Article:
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Injuries, inconsistency create questions for Penguins

by Wes Crosby

PITTSBURGH -- The Pittsburgh Penguins might have created more questions than answers while advancing in the Stanley Cup Playoffs.

The Penguins won their Eastern Conference First Round series against the Columbus Blue Jackets in six games, but did so in less than convincing fashion. The inability to play a full 60-minute game forced the Penguins to come back from two two-goal deficits, caused them to lose two games after holding multigoal leads and had them escape with a 4-3 win in Game 6 Monday after leading 4-0 midway through the third period.

"We didn't play right," forward Evgeni Malkin said. "It's the playoffs. We need to understand how important it is to play 60 minutes. We just a little bit lost focus."

In their most complete effort of the series, the Penguins trailed by one goal entering the first intermission of Game 5 before rebounding for a 3-1 win. Pittsburgh will likely need to match its Game 5 performance when it faces either the New York Rangers or the Philadelphia Flyers in the Eastern Conference Second Round.

Malkin and forward Sidney Crosby, who had been criticized for their lack of production, did provide some answers by series end. Malkin recorded his second career playoff hat trick Monday, while Crosby averaged a point per game.

"You want to shut teams down and close them out," Crosby said. "I thought we found our game a lot more the last two games. I thought we played the way we need to and were on our toes. I think it's one thing to say it and it's another thing to go out there and play that way. We did that here the last couple.

"We need to build off of it, and I think [in] the playoffs, you have to get better as you go along."

Crosby failed to score a goal in the series, but linemate Chris Kunitz, who scored twice in the first round, said that has not been indicative of his play.

"Sid's a machine," Kunitz said. "He's putting [the puck] all over everywhere. He's sharing the puck and he's giving it up for other guys. I think whenever it [scoring a goal] happens for him, I don't think it's a big deal. I don't think you see him worrying about the score sheet too much.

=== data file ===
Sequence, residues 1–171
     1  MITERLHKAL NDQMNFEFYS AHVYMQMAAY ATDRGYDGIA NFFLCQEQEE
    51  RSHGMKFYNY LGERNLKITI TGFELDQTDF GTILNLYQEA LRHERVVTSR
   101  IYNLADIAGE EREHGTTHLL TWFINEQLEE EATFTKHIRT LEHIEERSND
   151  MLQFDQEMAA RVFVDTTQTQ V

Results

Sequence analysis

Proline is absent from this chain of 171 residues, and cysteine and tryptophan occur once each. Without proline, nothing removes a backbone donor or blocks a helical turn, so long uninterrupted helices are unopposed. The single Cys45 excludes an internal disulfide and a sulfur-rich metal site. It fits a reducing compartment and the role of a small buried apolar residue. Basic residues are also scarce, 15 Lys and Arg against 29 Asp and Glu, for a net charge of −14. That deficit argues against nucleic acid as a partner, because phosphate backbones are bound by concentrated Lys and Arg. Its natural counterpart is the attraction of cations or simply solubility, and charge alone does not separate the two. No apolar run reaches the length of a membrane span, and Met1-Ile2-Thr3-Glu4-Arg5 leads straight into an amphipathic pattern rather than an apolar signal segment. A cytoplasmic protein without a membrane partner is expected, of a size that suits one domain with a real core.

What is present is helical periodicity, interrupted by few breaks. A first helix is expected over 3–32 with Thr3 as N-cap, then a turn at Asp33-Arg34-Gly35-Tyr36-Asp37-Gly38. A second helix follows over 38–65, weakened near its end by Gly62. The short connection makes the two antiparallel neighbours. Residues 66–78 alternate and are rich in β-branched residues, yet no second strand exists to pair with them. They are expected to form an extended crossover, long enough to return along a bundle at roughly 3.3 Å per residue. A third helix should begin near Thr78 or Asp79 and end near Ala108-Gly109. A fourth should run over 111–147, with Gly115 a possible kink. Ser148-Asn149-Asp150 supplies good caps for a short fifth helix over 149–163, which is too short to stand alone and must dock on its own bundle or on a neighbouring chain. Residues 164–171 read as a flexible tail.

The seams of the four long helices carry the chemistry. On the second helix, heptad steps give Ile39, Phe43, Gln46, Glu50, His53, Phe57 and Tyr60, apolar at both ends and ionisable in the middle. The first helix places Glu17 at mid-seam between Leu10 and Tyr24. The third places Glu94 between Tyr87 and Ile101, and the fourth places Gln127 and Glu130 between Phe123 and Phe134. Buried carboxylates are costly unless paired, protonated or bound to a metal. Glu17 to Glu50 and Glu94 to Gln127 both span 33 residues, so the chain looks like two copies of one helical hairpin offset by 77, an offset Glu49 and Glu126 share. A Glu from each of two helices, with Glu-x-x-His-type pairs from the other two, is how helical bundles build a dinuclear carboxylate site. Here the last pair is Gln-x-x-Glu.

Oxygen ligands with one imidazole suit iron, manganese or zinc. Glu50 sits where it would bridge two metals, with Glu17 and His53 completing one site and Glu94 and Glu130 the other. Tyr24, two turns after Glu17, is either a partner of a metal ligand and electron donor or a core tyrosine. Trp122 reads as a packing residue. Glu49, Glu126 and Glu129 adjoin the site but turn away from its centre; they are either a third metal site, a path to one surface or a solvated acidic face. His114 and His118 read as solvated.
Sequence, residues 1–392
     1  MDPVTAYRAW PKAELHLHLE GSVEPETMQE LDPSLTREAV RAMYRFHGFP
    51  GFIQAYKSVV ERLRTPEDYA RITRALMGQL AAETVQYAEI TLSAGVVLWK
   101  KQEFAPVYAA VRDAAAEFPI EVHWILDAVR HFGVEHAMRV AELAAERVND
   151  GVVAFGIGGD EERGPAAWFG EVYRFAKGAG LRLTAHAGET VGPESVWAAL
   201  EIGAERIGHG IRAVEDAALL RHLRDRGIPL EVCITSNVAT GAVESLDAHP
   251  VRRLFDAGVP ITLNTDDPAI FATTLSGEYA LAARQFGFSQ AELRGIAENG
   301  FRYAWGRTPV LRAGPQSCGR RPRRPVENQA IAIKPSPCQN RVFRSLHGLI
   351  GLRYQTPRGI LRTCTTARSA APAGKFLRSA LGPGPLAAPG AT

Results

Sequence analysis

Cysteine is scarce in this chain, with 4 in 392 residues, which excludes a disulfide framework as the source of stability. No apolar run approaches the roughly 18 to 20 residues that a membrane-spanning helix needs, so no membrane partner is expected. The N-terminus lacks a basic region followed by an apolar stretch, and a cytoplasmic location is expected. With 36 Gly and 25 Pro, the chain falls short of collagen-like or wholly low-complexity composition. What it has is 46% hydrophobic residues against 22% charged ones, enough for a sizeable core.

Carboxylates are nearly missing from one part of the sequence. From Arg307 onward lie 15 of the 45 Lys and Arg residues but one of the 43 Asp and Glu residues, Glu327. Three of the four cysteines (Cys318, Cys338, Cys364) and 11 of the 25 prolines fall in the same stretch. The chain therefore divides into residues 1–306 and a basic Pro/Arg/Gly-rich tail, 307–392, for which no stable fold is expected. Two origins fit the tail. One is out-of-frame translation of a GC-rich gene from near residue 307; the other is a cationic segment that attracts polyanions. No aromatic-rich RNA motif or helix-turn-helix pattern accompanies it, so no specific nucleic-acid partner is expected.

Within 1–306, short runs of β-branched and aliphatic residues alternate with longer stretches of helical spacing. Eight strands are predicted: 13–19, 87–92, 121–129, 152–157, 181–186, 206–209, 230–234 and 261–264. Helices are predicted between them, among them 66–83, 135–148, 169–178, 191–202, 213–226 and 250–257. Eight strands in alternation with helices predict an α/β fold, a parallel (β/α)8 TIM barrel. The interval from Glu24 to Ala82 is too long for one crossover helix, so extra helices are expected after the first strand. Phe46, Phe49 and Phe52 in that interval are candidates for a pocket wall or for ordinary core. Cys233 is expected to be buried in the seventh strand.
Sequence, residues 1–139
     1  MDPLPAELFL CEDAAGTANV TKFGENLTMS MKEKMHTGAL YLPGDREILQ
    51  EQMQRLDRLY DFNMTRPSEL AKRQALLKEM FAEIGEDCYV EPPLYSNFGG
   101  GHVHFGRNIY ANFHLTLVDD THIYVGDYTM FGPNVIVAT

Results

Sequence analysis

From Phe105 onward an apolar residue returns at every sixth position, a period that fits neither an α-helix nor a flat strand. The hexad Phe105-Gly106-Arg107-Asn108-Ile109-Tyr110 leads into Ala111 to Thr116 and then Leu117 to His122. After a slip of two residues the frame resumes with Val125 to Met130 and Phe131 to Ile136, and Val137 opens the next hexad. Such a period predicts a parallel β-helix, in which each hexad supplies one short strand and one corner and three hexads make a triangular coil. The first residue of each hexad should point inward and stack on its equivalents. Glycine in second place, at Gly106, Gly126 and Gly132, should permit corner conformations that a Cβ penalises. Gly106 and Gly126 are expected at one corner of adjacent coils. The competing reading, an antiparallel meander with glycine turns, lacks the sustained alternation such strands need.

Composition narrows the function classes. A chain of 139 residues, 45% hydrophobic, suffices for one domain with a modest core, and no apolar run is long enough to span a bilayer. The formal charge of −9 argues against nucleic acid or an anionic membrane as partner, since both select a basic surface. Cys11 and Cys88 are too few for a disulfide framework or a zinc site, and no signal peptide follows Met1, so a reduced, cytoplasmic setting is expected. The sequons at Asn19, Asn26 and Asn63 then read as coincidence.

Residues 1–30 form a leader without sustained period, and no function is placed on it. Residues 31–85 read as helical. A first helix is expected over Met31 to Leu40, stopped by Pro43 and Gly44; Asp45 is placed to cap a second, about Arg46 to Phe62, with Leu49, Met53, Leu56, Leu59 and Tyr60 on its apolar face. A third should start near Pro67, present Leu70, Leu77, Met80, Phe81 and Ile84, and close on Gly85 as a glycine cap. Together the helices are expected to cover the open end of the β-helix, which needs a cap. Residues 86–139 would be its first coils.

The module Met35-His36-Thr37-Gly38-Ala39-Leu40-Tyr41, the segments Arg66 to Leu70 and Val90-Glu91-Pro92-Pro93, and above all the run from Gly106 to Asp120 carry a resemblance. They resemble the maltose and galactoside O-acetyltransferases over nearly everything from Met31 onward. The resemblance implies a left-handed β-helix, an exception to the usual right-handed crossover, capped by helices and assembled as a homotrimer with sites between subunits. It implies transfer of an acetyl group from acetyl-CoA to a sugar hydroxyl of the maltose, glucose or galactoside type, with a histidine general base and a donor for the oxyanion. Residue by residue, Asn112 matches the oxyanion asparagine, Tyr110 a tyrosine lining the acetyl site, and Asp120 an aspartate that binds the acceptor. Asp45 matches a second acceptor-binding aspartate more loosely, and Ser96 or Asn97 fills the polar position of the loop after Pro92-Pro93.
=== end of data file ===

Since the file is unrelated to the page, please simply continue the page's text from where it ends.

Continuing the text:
"He goes all over the place. Takes big defensive-zone faceoffs, penalty killing, something you haven't seen him do in the past. I think that's how our team has to look at it."

But just as the Penguins received a boost from their top stars, two players who had a vital role in their series win sustained undisclosed injuries.

Forward Brandon Sutter, whose three postseason goals has him tied with forward Jussi Jokinen and Malkin for the team lead, and forward Joe Vitale, whose forechecking was a primary reason for the Blue Jackets' early offensive struggles in Game 6, each left the game in the third period.

Sutter returned to the bench late in the third, but no update has been provided on either injury.

After having their healthiest lineup in several months earlier in the first round, the Penguins' injury list has ballooned. Defenseman Brooks Orpik, who has been credited as a leader on the back end by fellow Pittsburgh defensemen, and forward Brian Gibbons missed multiple games without an update.

Matt Niskanen, whose eight points has him tied with defenseman Paul Martin for the team lead, has been one of the defensemen to describe Orpik as their leader, but has said Pittsburgh will need to be more focused with or without his on-ice influence.

"We can see we're in the right spots, but we're just not as assertive and not as confident as we normally are once that momentum starts to swing," Niskanen said. "I think good teams, you find ways to get that momentum back quicker. Other teams need to make a push, their season is on the line.

"We have to learn how to get momentum back on our side or at least slow that down quicker and not let it snowball."

The injuries could force the Penguins to rely on their top two lines and goalie Marc-Andre Fleury, which became the norm throughout much of the regular season. If that is the case, Fleury might be ready to handle that responsibility.

Despite allowing three or more goals in five of six first-round games, Fleury was impressive throughout his first series win in four years. Penguins coach Dan Bylsma has said Fleury's confidence entering the postseason was the most prominent question asked outside of Pittsburgh's locker room.

"I think I've been able to stay relaxed, stay calm and not chase the play too much," Fleury said. "Just let it come and not go for the big saves too much. Just wait for the pucks to come to me."

Several more questions might have been raised for Pittsburgh entering the second round, but Fleury could be on his way to answering the big one.

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